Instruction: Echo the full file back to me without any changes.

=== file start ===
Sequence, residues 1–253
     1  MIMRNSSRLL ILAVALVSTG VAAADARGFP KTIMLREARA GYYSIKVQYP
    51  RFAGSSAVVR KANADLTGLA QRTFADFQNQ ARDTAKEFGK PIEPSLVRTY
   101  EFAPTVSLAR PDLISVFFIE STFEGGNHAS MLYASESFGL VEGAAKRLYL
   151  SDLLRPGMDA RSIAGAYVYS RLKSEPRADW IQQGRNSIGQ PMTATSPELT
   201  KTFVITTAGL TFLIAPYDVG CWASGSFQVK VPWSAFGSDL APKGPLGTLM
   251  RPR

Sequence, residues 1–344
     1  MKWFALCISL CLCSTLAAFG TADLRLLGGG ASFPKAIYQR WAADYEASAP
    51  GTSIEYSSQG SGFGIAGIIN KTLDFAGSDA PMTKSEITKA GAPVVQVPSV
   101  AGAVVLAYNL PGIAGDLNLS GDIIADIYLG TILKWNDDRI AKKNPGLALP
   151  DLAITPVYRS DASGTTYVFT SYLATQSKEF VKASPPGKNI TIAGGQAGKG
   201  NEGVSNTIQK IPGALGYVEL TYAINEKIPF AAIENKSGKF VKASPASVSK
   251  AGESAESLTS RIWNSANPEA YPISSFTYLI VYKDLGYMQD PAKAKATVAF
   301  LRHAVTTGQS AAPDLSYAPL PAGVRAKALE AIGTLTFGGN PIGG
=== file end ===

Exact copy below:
Sequence, residues 1–253
     1  MIMRNSSRLL ILAVALVSTG VAAADARGFP KTIMLREARA GYYSIKVQYP
    51  RFAGSSAVVR KANADLTGLA QRTFADFQNQ ARDTAKEFGK PIEPSLVRTY
   101  EFAPTVSLAR PDLISVFFIE STFEGGNHAS MLYASESFGL VEGAAKRLYL
   151  SDLLRPGMDA RSIAGAYVYS RLKSEPRADW IQQGRNSIGQ PMTATSPELT
   201  KTFVITTAGL TFLIAPYDVG CWASGSFQVK VPWSAFGSDL APKGPLGTLM
   251  RPR

Sequence, residues 1–344
     1  MKWFALCISL CLCSTLAAFG TADLRLLGGG ASFPKAIYQR WAADYEASAP
    51  GTSIEYSSQG SGFGIAGIIN KTLDFAGSDA PMTKSEITKA GAPVVQVPSV
   101  AGAVVLAYNL PGIAGDLNLS GDIIADIYLG TILKWNDDRI AKKNPGLALP
   151  DLAITPVYRS DASGTTYVFT SYLATQSKEF VKASPPGKNI TIAGGQAGKG
   201  NEGVSNTIQK IPGALGYVEL TYAINEKIPF AAIENKSGKF VKASPASVSK
   251  AGESAESLTS RIWNSANPEA YPISSFTYLI VYKDLGYMQD PAKAKATVAF
   301  LRHAVTTGQS AAPDLSYAPL PAGVRAKALE AIGTLTFGGN PIGG